Study Gauges Shopper Confidence - Long Term Impact On Shopping Life
Furniture World Magazine
by Wendy Liebmann and Candace Corlett, principals
The experts in How America Shops
The financial gloom brought on by the dot.com bubble burst and 9/11 has yet to dissipate, and has translated into long term caution toward spending.
There is a core group of consumers who feel better about the economy and their financial situation, but the dilemma for retailing is that the confident group skews more toward men than women.
The PULSE (December 15, 2004) survey of 1,000 shoppers nationwide, reports:
-25 percent of all consumers have seen improvement in their household's financial situation, virtually unchanged the past two years.
-43 percent consistently remain optimistic that their financial situation will improve next year.
-Job security is significantly less of an issue now than it was a year ago.
-Only 18 percent of women think the economy has improved vs 38 percent of men
-36 percent of women feel that their financial situation will improve next year half the men believe my household's financial situation will improve over the next year.
-60 percent of total consumers are still cautious about spending, but this is down from 66 percent a year ago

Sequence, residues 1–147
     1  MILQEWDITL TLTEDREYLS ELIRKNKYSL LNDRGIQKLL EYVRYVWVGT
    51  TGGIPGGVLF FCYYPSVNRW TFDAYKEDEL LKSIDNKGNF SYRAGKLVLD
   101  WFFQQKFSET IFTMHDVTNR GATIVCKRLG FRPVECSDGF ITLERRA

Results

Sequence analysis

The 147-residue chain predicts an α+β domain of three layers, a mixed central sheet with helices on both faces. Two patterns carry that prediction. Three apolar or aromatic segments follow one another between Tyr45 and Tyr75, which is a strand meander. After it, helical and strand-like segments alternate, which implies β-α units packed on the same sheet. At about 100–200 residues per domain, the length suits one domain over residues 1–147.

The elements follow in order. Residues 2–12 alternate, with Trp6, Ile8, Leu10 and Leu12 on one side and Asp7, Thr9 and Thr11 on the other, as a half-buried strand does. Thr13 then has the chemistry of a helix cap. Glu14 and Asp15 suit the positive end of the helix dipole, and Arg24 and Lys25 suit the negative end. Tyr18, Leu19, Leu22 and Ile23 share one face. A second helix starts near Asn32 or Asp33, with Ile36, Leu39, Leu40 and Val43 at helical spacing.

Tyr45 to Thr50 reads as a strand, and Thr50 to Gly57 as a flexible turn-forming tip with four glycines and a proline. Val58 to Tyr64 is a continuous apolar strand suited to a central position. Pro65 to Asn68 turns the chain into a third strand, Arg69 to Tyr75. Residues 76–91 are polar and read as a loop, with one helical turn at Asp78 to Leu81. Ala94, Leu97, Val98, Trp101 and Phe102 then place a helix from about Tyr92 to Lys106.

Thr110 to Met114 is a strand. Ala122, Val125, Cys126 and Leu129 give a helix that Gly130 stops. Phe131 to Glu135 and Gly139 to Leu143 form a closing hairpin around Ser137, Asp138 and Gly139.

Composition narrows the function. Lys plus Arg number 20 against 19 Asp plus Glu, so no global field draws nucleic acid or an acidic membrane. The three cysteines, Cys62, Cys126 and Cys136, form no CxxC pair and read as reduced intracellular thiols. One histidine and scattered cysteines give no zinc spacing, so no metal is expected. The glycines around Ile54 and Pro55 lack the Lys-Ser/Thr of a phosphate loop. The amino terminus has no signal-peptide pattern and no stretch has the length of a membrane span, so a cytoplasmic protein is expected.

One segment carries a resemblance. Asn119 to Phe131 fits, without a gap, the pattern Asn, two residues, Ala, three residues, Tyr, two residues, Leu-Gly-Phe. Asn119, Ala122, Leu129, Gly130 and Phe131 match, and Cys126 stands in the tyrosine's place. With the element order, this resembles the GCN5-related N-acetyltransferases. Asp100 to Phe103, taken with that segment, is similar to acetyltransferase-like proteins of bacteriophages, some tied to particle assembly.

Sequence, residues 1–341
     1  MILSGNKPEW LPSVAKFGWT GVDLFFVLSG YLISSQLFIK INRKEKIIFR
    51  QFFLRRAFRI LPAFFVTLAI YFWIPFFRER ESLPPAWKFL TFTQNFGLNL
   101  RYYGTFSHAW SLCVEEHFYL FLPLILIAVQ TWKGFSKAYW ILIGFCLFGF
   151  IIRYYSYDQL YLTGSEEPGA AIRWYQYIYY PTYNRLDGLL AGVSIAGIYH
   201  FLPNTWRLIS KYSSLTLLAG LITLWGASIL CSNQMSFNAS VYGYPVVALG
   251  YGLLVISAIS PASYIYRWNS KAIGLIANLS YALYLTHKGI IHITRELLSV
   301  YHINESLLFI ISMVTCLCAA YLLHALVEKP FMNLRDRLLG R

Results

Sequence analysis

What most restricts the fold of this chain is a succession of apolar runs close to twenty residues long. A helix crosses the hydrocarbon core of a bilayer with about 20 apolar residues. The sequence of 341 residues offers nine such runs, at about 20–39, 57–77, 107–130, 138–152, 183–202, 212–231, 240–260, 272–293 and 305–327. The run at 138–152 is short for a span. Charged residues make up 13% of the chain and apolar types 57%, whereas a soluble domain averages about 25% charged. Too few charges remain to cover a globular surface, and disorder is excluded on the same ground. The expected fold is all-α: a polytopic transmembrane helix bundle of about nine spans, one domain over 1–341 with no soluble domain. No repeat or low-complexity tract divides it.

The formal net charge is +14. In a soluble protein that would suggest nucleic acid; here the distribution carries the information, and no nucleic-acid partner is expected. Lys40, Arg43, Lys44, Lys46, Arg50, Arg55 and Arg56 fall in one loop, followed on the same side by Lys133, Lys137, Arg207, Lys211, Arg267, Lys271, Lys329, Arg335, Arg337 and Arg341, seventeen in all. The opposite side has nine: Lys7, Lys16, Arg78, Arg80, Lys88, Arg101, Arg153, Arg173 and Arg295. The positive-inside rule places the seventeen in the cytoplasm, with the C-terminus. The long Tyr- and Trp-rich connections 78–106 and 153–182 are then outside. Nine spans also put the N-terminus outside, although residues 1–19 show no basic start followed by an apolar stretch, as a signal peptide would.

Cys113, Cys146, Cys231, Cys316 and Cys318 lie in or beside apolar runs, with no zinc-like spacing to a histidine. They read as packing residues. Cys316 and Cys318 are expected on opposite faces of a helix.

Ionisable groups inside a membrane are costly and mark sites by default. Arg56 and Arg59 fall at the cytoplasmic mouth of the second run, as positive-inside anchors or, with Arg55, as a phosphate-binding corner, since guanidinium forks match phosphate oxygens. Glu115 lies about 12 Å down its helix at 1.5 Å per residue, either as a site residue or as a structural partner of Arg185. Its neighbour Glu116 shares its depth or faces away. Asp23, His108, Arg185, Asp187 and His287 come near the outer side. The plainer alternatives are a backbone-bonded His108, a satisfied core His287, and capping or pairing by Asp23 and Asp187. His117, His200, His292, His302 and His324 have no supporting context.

-Women are still more cautious than men, 65 percent vs. 56 percent
-"Only" 31 percent are postponing major purchases, a big improvement from one and two years ago.
-28 percent are driving less, up significantly vs. a year ago, especially drivers over 55.
-Overall, middle and upper income shoppers are feeling and reacting the same to the economy and the new shopping life.
-Lower income shoppers, however, (under $50k) are significantly less secure financially.
-Only 12 percent feel their financial situation has improved.
-22 percent have experienced job loss in their household this year.
-65 percent are watching their spending.
WHAT IT MEANS FOR BUSINESS
The "cautious pause" among shoppers is entering its third year and appears to be an ingrained habit. With 60 percent of shoppers being careful about their spending, pausing to ask if this is a good use of my money, retail growth will struggle in the low digits.
Women in particular have become tighter with their spending. This presents retailers with the challenge to be merchandisers, to romance the merchandise, WOW the shopper and entice them to throw caution to the wind. Stacking 'em high doesn't -mean they will fly. Shoppers are not that desperate to buy.
Get the full report, with charts, at: